Rising sea levels combined with storm surges will put more than 5 million people on U.S. coastlines at risk of flooding during the next 30 years, according to new research.
The combination could raise sea levels during storms to 4 feet above the high-tide line, threatening property that contains 2.6 million homes on 3 million acres of land, according to the report released Wednesday by Climate Central, a nonprofit research and journalism organization based in New Jersey.
â€śEscalating floods from sea level rise will affect millions of people, and threaten countless billions of dollars of damage to buildings and infrastructure,â€ť Climate Central's Ben Strauss, the lead author of the report, said in a statement.
The report, titled "Surging Seas," is based on two new peer-reviewed studies, both published in the journal Environmental Research Letters. Climate Central calls it "the first major national analysis of sea level rise in 20 years."
It says the odds of once-in-100-years flooding hitting regions of the coastal U.S. have more than doubled.
â€śJust a small amount of sea level rise, including what we may well see within the next 20 years, can turn yesterdayâ€™s manageable flood into tomorrowâ€™s potential disaster," Strauss said in a statement.
The report takes flood analysis down to the local level. In 285 coastal cities and towns, half the population lives below that 4-foot mark, it says. Florida faces the biggest threat from the coastal flooding, according to the researchers.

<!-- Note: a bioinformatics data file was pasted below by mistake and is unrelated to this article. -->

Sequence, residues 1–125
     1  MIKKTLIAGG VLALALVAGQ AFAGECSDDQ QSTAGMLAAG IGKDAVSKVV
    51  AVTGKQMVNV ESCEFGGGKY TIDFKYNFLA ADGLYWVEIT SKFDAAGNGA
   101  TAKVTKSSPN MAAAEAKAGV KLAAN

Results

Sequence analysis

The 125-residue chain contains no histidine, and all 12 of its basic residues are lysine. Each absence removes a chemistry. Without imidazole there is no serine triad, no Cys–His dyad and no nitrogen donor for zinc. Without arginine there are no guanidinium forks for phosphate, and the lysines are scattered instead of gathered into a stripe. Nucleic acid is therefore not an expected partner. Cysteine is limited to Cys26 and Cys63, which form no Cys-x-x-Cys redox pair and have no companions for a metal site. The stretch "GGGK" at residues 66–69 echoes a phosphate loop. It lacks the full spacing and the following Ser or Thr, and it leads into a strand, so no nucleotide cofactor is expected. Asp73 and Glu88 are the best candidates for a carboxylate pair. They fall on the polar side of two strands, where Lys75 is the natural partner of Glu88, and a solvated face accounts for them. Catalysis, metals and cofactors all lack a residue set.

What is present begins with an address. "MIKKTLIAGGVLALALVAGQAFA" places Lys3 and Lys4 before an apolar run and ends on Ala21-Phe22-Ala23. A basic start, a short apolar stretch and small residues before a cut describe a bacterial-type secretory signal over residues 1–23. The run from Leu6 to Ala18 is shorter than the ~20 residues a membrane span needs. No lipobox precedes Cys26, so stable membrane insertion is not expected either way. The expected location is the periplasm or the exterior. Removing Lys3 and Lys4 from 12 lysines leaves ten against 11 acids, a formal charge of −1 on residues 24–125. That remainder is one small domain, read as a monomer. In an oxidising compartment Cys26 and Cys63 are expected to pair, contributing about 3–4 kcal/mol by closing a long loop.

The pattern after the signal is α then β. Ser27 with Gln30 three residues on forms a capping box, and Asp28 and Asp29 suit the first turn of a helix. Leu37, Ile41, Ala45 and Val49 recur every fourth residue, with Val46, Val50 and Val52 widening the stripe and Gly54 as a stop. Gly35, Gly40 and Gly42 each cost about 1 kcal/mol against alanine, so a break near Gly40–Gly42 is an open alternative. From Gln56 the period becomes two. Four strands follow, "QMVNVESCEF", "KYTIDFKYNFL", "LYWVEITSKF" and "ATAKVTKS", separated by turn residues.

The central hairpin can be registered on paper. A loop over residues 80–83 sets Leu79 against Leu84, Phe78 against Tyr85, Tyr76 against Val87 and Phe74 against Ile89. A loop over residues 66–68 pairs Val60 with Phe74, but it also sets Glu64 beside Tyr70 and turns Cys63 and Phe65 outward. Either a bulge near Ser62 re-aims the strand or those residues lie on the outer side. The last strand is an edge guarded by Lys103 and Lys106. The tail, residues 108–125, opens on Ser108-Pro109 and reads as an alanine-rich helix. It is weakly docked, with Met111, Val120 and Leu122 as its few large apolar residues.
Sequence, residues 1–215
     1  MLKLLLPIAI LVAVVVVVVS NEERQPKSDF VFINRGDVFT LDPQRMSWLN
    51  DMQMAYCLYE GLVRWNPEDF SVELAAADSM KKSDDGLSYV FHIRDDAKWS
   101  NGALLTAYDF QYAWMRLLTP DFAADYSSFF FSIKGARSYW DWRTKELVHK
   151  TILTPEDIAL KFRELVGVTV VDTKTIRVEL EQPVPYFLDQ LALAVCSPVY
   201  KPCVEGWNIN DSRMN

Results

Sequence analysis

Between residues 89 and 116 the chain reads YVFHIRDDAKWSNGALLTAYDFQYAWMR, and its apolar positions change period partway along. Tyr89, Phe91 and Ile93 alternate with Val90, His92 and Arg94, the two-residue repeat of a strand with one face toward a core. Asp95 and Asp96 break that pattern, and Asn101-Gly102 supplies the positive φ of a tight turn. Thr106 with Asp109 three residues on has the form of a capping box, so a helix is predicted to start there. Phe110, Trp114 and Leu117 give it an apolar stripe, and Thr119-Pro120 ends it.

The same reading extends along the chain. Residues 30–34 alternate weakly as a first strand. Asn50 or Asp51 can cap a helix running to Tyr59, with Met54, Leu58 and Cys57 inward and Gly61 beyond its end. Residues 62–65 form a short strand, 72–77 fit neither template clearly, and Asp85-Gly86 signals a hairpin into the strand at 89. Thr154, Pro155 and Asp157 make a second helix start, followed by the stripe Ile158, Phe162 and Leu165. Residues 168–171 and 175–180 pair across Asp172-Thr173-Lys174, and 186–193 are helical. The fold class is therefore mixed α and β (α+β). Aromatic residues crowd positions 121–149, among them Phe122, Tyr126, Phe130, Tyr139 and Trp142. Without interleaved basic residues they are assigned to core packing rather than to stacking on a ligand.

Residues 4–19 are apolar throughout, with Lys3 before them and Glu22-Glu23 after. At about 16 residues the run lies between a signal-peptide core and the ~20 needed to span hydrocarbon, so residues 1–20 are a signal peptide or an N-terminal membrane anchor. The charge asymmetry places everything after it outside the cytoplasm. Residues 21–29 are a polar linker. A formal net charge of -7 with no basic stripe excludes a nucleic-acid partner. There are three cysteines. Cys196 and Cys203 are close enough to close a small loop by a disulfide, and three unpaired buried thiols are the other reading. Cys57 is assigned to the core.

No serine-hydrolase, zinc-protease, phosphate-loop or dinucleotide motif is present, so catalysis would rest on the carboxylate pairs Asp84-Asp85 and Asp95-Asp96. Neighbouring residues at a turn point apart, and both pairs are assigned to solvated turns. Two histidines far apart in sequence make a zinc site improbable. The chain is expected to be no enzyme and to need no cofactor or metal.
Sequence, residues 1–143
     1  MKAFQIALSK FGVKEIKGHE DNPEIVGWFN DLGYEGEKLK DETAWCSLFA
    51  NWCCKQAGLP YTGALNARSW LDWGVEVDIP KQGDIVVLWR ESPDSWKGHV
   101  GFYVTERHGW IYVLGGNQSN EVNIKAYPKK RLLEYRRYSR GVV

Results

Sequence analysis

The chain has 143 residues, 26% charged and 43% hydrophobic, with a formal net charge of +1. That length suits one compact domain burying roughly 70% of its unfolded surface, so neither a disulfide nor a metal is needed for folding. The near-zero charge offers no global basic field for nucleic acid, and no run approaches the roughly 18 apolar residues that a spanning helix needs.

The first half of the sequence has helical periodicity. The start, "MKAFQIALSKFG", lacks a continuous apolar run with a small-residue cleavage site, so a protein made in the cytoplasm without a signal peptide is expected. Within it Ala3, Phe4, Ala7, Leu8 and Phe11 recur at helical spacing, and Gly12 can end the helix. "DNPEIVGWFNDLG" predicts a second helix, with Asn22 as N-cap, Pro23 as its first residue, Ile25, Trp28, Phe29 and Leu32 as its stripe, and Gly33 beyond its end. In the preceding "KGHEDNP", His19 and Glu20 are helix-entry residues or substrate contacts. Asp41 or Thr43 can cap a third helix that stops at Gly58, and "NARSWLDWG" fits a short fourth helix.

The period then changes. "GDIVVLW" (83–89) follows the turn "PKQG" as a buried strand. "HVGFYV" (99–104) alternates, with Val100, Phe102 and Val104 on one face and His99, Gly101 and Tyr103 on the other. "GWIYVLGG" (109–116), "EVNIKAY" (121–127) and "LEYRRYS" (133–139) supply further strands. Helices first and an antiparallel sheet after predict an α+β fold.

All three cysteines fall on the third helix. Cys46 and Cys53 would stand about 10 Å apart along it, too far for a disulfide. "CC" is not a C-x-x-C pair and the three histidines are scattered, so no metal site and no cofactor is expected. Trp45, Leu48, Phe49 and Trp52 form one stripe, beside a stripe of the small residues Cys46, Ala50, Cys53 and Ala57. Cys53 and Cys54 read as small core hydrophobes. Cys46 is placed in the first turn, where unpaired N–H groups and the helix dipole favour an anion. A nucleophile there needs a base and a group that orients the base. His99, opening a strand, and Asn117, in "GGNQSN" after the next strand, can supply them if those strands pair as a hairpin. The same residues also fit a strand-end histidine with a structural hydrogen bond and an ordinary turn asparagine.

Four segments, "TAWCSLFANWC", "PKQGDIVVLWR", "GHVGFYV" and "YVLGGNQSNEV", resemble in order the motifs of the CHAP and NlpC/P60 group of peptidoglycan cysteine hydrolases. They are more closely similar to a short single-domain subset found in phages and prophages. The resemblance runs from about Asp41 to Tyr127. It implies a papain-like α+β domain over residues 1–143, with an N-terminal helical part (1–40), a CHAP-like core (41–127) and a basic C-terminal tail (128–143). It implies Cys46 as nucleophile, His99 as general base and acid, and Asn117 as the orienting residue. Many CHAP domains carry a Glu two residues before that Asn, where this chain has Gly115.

"A preliminary independent analysis suggests about $30 billion in taxable property is vulnerable below the 3-foot line in just three counties in southeast Florida, not including the county with the most homes at risk in the state and the nation, Miami-Dade," a summary of the report says.
Other states facing substantial risk are Louisiana, New Jersey, North Carolina, Maryland, New York and Virginia, the report says. The report includes interactive maps showing how the rising seas could hit local areas.
To lessen the possibility of catastrophic flooding, the report calls for action to fight global climate change.
"The United States must work to slow sea level rise by reducing emissions of heat-trapping gases, and work to diminish the remaining danger by preparing for higher seas in coastal cities and counties everywhere," it says.